An inquiry into the governance of a commissioning support unit and the conduct of its managing director has found ‘no adverse issues’, NHS England has told HSJ.

Tim Andrews has now left Cheshire and Merseyside CSU following its merger with Greater Manchester CSU.

Speaking to HSJ following his departure, Mr Andrews also expressed frustration over “waning” interest in making CSUs independent of NHS England.

HSJ understands that at least two investigations were conducted into a number of alleged governance breaches relating to the CSU generally and Mr Andrews’ leadership of it in particular.

An NHS England spokeswoman said the inquiry concluded “a few months ago”.

“We are pleased to confirm that the investigation concluded that there were no adverse issues in the governance of the CSU or the conduct of its managing director Tim Andrews in this regard.”

NHS England refused HSJ’s request to release copies of the reports.

As Cheshire and Merseyside has been absorbed into North West CSU, which is being led by Leigh Griffin, “there is no longer an operational need for two [managing director] posts,” the spokeswoman added.

Mr Andrews officially left the employment of NHS England, which hosts CSUs, on 19 December.

He said: “It has been a really tough decision to move on to pastures new.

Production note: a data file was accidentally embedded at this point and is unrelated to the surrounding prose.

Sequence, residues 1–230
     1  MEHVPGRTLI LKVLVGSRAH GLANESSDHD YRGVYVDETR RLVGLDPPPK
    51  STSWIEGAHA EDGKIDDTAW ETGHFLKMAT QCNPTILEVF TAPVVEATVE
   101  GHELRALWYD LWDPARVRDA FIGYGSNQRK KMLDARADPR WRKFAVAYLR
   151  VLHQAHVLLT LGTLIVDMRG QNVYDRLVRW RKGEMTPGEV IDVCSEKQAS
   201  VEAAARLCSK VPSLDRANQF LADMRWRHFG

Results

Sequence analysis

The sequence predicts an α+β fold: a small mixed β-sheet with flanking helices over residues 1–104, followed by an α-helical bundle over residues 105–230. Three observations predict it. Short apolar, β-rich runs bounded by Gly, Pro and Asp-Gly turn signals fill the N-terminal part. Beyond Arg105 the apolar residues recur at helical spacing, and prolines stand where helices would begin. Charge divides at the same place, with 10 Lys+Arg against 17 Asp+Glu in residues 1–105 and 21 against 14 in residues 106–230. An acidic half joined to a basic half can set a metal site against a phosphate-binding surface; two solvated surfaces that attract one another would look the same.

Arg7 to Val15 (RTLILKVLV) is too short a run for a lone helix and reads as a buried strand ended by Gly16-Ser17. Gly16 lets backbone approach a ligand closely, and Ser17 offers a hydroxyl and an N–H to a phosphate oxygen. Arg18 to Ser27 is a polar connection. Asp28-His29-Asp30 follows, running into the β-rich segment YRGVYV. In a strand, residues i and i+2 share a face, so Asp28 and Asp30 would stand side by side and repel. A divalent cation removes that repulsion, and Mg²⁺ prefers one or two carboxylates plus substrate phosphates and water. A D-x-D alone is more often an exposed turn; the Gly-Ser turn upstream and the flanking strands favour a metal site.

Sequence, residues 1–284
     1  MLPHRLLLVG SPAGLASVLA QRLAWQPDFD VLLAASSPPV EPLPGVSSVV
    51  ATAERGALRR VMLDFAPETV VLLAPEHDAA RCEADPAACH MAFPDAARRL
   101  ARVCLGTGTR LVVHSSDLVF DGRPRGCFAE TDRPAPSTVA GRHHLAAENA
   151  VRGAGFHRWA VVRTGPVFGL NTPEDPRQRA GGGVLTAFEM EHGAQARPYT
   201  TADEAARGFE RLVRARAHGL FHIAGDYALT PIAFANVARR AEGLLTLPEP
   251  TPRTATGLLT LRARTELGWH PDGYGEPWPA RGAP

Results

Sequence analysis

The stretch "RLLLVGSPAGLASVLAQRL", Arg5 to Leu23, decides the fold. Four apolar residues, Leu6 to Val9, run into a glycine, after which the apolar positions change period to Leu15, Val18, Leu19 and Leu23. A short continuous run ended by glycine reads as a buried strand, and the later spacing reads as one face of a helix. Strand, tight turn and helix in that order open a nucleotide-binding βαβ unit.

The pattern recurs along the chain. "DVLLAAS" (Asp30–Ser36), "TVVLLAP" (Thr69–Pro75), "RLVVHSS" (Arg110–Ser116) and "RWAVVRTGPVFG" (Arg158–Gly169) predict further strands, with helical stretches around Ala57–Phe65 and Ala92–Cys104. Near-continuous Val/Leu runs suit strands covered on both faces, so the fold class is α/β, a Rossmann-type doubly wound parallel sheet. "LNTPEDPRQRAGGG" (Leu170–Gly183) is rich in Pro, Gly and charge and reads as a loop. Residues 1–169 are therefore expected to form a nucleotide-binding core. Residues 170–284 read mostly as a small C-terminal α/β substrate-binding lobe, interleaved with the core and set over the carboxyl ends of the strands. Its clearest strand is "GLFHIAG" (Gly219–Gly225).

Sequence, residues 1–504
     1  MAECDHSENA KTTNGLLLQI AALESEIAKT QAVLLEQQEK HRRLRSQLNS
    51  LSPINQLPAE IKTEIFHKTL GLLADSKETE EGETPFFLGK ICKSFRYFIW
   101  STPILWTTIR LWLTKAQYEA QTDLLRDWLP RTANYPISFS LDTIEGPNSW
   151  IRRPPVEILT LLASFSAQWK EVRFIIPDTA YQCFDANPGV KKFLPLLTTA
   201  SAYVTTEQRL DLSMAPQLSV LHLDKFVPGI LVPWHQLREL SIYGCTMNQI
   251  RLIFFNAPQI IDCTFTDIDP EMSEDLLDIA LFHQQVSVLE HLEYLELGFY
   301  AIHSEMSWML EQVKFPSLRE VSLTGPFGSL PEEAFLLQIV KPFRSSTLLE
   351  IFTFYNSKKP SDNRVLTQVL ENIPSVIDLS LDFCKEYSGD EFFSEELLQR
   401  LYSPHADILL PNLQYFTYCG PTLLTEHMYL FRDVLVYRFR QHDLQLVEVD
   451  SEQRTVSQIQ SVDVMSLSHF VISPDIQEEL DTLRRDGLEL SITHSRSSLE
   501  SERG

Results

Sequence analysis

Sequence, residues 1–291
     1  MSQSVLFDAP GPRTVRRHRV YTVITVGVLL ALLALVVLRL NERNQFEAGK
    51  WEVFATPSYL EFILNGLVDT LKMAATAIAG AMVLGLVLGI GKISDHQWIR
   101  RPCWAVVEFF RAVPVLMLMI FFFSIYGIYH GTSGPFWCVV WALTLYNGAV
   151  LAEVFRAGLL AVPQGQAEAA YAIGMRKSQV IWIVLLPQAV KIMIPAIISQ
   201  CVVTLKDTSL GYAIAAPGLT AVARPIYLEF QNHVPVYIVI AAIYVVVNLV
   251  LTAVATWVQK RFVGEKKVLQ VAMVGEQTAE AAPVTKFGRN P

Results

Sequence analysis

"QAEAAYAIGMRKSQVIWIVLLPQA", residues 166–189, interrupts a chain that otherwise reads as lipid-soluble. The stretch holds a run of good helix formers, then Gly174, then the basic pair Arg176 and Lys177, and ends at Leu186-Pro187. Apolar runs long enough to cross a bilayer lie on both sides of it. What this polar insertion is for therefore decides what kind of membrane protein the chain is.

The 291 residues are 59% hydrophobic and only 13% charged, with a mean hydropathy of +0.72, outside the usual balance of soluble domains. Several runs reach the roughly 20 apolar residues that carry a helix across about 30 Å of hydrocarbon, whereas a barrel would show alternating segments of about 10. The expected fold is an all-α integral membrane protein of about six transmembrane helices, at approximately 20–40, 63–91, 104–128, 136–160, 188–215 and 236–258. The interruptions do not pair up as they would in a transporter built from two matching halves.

“I have been continuously impressed with the amazing team that we developed in the CSU who have faced some huge challenges with immense fortitude, perseverance and commitment to improving healthcare.”

But he also expressed frustration with the direction NHS England’s CSU policy was taking, particularly in relation to autonomy.

While the initial policy had been for CSUs to become “freestanding enterprises” by the end of 2016, this was changed to “autonomous” during 2013, with an option for them to be owned by clinical commissioning groups, and NHS England suggesting it could retain a long term stake in the units.

More recently, NHS England delayed the release of guidance on autonomy until after May’s general election.

Mr Andrews said: “As the process went on it also became clear that there was certainly a waning focus on autonomy centrally, and obviously the announcement that this was effectively to be pushed back past the election confirmed this.

“I did feel, perhaps controversially, that it was ultimately the goal of becoming fit to operate independently of NHS England and the freedoms inherent in that approach that would really drive the improvements in performance and also innovation that CCGs and other clients really need.

“The autonomy strategy was one of the key motivators for me personally because it was something I felt my skills and experience best supported.

“With the prospect of that end point becoming more distant, it did reinforce my sense that it was the right time to move on and to let those more experienced in managing NHS bodies take the lead.”